Staunton, January 24 – Almost all discussions about the relationship between Vladimir Putin and Donald Trump have focused on what the new US president may do for Russia and why, but Irina Pavlova argues that misses the point because the Kremlin is far more interested I what Trump will do to America than what he will do for Russia.
In a blog post yesterday, the US-based Russian historian notes that Trump is reported to be extremely popular in the Putin regime but extremely unpopular among those who oppose Putin, a pattern many explain by pointing to similarities in the personality of the two leaders (ivpavlova.blogspot.com/2017/01/blog-post_23.html#more).
According to Pavlova, such conclusions are based on “superficialities.” In fact, she says, “Kremlin propagandists hope that Trump will become an American Gorbachev who will lead the US into a crisis and in the end destroy this country.” She points to Karen Shakhnazarov’s comments on Vladimir Solovyev’s “Sunday Evening” talk show of two days ago.
But even more open in the expression of such Moscow hopes is commentator Maksim Shevchenko who has declared on Ekho Moskvy that Trump “is a symbol of a deep and insuperable social, political and economic divide in America in particular and the Larger West as a whole” that can only lead to violence (echo.msk.ru/programs/personalno/1911996-echo/).
His shouting of “long live Trump” is thus not a manifestation of any affection for the US and its new president but rather “an exalted expression of the very same anti-Americanism” the Putin regime has long expressed and cultivated. Shevchenko adds that he will support anyone in the US who promotes “confrontation” with Trump because that will weaken the US.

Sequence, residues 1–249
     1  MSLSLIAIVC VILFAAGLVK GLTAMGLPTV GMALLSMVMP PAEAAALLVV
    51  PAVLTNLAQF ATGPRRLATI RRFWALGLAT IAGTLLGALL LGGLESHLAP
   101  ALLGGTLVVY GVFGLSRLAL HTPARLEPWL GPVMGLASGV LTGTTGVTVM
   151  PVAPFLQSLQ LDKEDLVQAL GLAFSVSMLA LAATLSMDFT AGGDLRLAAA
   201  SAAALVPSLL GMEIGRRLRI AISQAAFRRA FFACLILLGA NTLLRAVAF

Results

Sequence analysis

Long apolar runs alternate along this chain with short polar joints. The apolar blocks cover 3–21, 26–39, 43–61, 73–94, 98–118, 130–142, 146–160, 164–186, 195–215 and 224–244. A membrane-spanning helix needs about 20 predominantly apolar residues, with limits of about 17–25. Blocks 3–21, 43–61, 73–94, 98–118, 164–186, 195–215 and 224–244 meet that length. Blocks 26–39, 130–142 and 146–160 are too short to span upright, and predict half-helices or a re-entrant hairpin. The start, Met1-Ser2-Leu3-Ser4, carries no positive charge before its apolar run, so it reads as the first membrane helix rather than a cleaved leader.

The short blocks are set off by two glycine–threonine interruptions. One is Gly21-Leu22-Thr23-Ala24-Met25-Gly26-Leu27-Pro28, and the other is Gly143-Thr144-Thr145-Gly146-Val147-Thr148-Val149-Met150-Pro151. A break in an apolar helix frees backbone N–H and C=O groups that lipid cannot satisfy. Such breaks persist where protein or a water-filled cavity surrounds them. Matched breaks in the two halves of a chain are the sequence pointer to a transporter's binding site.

Some obvious if unintended support for Pavlova’s conclusion has just been offered by Russian Prime Minister Dmitry Medvedev and returned head of the Russian party of power, United Russia. He makes it clear that Moscow isn’t looking at what Trump will do for Russia but rather what Trump will do to the US.
At the United Russia congress, the Russian premier said the following about Trump’s rise to power and about that of other leaders in the West who some in Moscow expect to end sanctions and work more closely with the Russian government (business-gazeta.ru/article/335109).
“In general,” Medvedev said, “it is time to turn away from illusions that in relation to our country will be removed any sanctions. It is obvious tha tall that has happened is for the long haul. There is no reason to place one’s hopes on elections abroad or on the coming to power of new foreign leaders.”
The prime minister’s remarks on this point, Kazan’s “Business-Gazeta” notes today, “were supported by the stormy applause of congress delegates” who have taken the point that they should not be placing any of their hopes on US President Donald Trump.
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